People living in Calderdale are being urged to record where they come across any patches of Japanese Knotweed so that targeted action can be taken to stop it from spreading to help reduce flood risk in the valley.
They can use an app called iRecord to report any findings of the invasive species or use the online INNS Mapper tool available at https://ywt-data.org/inns-mapper/explore after registering.
Japanese Knotweed has a very negative impact on our environment causing the erosion of river banks increasing the risk of flooding, which is a particular problem for the Calder Valley. When it dies back in the winter months river banks are left exposed to soil erosion so rain water is unable to soak into the ground as quickly. It is also harmful to biodiversity as it crowds our native species preventing them from growing and it can cause structural damage as it may grow through patios, conservatories and tarmac.
A campaign to tackle the problem of invasive species has been launched over the summer months in Calderdale including the Environment Agency, Calder Future, Calder Valley Clean-up Team, Calderdale Council, Yorkshire Wildlife Trust, Calder and Colne Rivers Trust, Yorkshire water, River Stewardship Company and National Trust. On social media the organisations are spreading the word about what Japanese Knotweed looks like, why it is harmful and how to take action using #KnowAboutKnotweed.
Residents, gardeners, walkers, joggers, families, landowners and voluntary groups are being asked to help prevent the spread of Japanese Knotweed during August and September when it is in flower – last month the focus was on Himalayan Balsam.
The Yorkshire Wildlife Trust is working with landowners to help control Japanese Knotweed from the top of the catchment downstream and minimise its impact for the benefit of the community and wildlife.
Sally Kelling, flood risk adviser for the Environment Agency in Calderdale, said: “Developing a strategy to manage these invasive species is an important part of the Calderdale Action Plan which has been put together by partners to help reduce flood risk in the valley.
“Not only does Japanese Knotweed have a negative impact on the environment, it can also have an economic impact, especially to property prices.
“We are working with organisations such as Yorkshire Wildlife Trust and the River Stewardship Company to remove these species from the fringes of watercourses, starting at the top of the Calderdale catchment so that the plant does not spread downstream.
“Members of the community should not pull up Japanese Knotweed themselves as it is so easy to spread and needs professional treatment to get rid of it – however, we do need their help with identifying problem areas along the river.”
John Cave, project officer for Yorkshire Wildlife Trust, said extensive surveys carried out by their staff and volunteers, show that many parts of the Calder Valley are heavily impacted by this invasive plant.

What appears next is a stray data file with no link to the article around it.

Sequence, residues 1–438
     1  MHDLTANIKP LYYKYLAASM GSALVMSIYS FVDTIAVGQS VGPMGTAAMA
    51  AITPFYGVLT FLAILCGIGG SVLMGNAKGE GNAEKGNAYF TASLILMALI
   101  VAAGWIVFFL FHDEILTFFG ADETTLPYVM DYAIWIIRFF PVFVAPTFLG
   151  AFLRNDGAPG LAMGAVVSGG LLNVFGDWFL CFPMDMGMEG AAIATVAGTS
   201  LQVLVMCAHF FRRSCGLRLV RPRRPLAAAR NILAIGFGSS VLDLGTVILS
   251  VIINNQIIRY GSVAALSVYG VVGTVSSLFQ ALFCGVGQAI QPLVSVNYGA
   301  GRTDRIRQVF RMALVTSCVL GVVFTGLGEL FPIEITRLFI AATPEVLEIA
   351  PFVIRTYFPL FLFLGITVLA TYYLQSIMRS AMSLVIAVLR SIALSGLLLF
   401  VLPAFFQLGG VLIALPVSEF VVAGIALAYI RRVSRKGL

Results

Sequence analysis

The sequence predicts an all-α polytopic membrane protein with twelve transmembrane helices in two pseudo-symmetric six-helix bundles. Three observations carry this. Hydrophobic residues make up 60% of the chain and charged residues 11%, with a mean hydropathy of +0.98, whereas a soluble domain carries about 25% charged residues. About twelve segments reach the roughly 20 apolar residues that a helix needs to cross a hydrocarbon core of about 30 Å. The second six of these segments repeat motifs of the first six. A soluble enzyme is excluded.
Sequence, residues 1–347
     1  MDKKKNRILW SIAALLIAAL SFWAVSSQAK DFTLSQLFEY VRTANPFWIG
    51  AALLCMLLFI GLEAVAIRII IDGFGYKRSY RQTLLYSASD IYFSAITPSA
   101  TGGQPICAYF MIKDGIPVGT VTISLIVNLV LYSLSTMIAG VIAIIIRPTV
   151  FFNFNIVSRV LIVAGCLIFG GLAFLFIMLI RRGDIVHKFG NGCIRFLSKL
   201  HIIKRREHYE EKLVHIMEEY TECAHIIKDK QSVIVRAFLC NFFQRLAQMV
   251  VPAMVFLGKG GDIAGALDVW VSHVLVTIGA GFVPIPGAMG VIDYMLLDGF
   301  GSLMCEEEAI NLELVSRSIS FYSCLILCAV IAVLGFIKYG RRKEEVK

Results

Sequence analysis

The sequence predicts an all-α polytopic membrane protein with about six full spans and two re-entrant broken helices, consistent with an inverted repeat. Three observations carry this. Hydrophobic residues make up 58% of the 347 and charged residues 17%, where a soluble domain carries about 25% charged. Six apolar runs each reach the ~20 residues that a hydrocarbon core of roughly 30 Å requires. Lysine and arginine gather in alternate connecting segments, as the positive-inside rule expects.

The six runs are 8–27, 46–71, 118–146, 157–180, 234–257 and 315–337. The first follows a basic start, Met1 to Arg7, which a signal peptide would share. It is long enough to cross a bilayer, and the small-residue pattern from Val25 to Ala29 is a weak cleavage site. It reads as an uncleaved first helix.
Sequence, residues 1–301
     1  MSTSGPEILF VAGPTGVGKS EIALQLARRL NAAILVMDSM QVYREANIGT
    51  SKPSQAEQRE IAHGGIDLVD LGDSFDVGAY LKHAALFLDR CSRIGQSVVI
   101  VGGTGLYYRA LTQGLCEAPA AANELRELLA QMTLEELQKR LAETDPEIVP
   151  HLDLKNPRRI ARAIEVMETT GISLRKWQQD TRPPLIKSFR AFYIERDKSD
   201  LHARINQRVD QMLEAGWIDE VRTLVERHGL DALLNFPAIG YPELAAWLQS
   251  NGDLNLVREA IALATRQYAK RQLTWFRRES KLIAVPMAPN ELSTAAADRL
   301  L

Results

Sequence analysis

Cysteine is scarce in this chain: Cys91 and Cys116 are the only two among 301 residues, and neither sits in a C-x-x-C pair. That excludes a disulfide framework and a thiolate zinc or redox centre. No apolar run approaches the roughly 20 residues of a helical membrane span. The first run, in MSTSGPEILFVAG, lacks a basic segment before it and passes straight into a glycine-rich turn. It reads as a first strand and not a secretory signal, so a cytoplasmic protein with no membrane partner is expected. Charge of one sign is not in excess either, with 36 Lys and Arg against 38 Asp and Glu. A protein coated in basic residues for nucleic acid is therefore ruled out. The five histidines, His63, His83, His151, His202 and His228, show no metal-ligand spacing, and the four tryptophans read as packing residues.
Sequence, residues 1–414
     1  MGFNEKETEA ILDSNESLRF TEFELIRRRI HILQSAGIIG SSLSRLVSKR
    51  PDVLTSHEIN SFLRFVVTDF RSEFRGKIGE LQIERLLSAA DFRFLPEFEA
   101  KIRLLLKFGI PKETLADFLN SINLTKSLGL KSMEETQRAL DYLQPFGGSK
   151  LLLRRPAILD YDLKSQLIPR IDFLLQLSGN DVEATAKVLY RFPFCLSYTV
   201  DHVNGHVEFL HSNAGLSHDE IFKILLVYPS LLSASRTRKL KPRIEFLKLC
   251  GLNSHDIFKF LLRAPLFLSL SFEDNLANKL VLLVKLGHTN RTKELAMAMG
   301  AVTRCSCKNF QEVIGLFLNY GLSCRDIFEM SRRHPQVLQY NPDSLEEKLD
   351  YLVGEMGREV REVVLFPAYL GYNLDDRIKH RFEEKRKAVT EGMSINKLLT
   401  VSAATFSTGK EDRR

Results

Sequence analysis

He said: “Japanese knotweed spreads from small fragments of the stem and root along our rivers and streams. It can be very challenging to control and in many cases repeated years of treatment are needed to keep the populations at bay.
“It’s important that we work together with the local community to tackle this species effectively both now and into the future.”
Councillor Scott Patient, lead member for Climate Change, Environment & Sustainability with Calderdale Council, said: “Our campaign in Calderdale is to help members of the public to spot invasive species and raise awareness of the great harm they can do to the environment and biodiversity. If you come across Japanese Knotweed then our advice is please don’t tackle it yourself, but do let us know about it so we can use professional treatment to bring it under control.”
For further information on support available to treat Japanese Knotweed, landowners and members of the community can email firstname.lastname@example.org
This tall non-native plant grows to about two metres high, has large shield-shaped leaves with a stem that looks like bamboo with purple speckles. It produces clusters of white flowers in August and often grows into dense thickets. The species is commonly found in urban areas on waste ground, by the side of roads and railway lines and on riverbanks.
Introduced to this country in the early 19th century as an ornamental plant, it is now widespread across the UK and due to the problems it causes, it’s now an offence to plant it to grow in the wild.
Invasive plants can be spread through soil used by people carrying out renovations or development works to their homes or gardens. It is important to make sure that that any imported soil is certified to be clean of hazardous material including any minute pieces of invasive plant species such as Japanese knotweed. Any material contaminated with invasive plant material must be disposed of at a licenced site not through council refuse collections.
For more information about invasive species and the action being taken in Calderdale visit https://eyeoncalderdale.com/invasive-species